Cultural Change that Sticks

An insider’s look at shifting the tide in a large organization.

By Molly Russin

Can you really change Culture? The simple answer is Yes.  Unfortunately, there is no easy answer. That’s why there are hundreds of thousands of articles and books on this very topic. I could cite them all but then this wouldn’t be a blog, it would be a white paper. One fact everyone agrees on is this: about 37% of change initiatives succeed. No matter how much time, effort, blood, sweat or tears are poured into the remaining 63%, they fail. I worked for a large corporation that experienced multiple Cultural changes, refreshes and tweaks over two decades. Here are 3 critical questions you must be able to answer if you want to join the 37% club.

 

1. What exactly does “change the culture” mean? In my mind, culture means the ways that work gets done in an organization; some might refer to them as habits or ingrained ways of working. A positive example might be something like, We always put our customers first. A negative aspect of culture might be, We nod in agreement when a new initiative i s presented but afterwards we secretly tell each other what we really think (and it usually isn’t agreement). It’s important to decide if you think the entire culture needs an overhaul or just certain aspects of it. Be careful not to throw out the baby with the bathwater, as the saying goes!  One more thing: if the cultural shift is actually just a new technology or process, maybe what you really need is Change Management. But that’s another topic for another day.

2. What is the desired change and why is it necessary? Who wants it? Who needs it? What will happen if the change doesn’t occur? These are questions that often get asked early in the process, not answered very well, and then tossed aside while the “real work” gets done. It’s critical that a cultural shift is explained with absolute clarity and extra crispy articulation. I believe the reason so many organizations bring in consultants to assist with Culture Change initiatives is because it’s easier for “outsiders” who aren’t wed to the old ways of doing things to explain what the changes are and why they’re needed.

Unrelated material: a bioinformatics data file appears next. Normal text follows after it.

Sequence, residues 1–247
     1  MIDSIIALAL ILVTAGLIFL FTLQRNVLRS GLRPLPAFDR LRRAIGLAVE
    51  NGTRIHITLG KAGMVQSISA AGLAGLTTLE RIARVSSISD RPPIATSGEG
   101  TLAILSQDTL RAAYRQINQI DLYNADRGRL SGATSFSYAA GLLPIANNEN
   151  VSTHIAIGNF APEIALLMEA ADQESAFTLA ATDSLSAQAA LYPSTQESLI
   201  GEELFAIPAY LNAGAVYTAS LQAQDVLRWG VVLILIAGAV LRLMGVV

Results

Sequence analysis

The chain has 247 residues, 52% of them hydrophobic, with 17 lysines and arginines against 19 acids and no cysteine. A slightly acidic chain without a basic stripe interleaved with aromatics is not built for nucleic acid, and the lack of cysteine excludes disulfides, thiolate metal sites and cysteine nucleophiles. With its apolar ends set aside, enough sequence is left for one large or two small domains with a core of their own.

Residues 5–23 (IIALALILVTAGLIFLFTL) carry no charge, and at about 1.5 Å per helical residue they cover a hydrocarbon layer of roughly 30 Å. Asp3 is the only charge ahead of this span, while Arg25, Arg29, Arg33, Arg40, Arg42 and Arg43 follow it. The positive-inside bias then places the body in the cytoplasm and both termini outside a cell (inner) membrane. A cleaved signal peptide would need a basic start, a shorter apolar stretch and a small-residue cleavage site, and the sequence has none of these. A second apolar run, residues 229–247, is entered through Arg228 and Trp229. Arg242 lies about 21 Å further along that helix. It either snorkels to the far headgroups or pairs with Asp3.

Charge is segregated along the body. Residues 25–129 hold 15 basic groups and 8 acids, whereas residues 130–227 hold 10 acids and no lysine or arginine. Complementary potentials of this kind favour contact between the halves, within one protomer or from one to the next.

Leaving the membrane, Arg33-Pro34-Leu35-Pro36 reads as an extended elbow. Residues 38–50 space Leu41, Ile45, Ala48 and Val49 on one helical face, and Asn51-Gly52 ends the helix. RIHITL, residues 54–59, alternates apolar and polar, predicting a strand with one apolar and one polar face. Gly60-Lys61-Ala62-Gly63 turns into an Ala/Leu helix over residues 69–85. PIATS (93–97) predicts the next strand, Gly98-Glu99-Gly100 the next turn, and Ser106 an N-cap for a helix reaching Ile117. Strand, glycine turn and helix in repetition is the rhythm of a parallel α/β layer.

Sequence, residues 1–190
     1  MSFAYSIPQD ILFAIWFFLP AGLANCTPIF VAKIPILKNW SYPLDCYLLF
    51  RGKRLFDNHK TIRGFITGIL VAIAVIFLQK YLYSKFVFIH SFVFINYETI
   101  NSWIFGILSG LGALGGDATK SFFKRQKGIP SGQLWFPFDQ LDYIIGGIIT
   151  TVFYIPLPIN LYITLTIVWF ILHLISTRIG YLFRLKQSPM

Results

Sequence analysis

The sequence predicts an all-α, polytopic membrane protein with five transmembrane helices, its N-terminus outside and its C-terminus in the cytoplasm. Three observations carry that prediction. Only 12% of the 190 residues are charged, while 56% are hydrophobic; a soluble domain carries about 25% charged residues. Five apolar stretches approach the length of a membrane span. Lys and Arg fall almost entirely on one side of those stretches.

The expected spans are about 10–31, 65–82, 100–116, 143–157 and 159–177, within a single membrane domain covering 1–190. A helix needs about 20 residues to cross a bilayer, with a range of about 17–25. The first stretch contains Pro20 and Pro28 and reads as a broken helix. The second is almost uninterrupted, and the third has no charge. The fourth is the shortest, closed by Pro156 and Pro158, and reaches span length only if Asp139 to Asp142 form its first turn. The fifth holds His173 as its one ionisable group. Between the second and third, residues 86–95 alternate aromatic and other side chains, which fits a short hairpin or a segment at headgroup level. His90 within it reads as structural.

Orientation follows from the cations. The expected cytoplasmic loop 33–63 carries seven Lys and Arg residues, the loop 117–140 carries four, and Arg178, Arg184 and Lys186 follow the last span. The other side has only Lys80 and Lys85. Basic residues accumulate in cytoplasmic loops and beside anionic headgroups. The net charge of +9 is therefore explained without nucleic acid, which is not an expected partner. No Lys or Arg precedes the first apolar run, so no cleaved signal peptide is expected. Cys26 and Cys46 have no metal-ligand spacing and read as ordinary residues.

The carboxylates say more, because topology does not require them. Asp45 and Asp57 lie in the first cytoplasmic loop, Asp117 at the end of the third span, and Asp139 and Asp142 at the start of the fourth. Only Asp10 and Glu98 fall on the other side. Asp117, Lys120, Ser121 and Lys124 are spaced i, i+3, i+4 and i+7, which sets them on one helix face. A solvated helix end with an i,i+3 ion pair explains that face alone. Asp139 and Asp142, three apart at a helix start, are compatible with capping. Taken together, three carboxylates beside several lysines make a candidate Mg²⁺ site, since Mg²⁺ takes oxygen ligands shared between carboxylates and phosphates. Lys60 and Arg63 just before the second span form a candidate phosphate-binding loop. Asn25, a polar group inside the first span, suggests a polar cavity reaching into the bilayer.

If the folks on the receiving end seem confused, remember that it’s not their job to get it…it’s your job to help them understand. Keep trying until you see lots of nodding heads…not bobbing heads that say yes to everything because they aren’t listening, but nodding heads.

3. How will progress be measured and what happens if change isn’t happening? Once you’ve defined what Culture changes will be made and everyone is on board with the desired end state, it’s critical to decide how progress will be measured—even before a plan is put in place. What does good look like and how will you know when it’s happening and when it’s not? What steps will be taken if you start to feel push-back (and you will)? Where is it coming from and why?

Sometimes it’s necessary to take a step back and rethink a plan. For instance, one “Customers First” transformation I was a part of included a mandate that all employees get to know more about our customers by meeting with at least one customer at least once a year. The intention was right and our staff was willing but it turned out that this would be a huge burden on our customers! They simply didn’t have the time to spend with folks who weren’t on the account team. We quickly figured out a variety of ways to educate non-customer facing staff about our customers businesses that didn’t involved face to face meetings and we were able to proceed with the strategy. As your team makes progress, be sure to report out, often, so that everyone understands that the plan is working and change is happening with everyone’s help.

 

 Is your team thinking about a Culture Change in 2021? KDH Consulting can help you to put in place a winning strategy. Contact us today for help!

 

Leave a Reply

Your email address will not be published. Required fields are marked *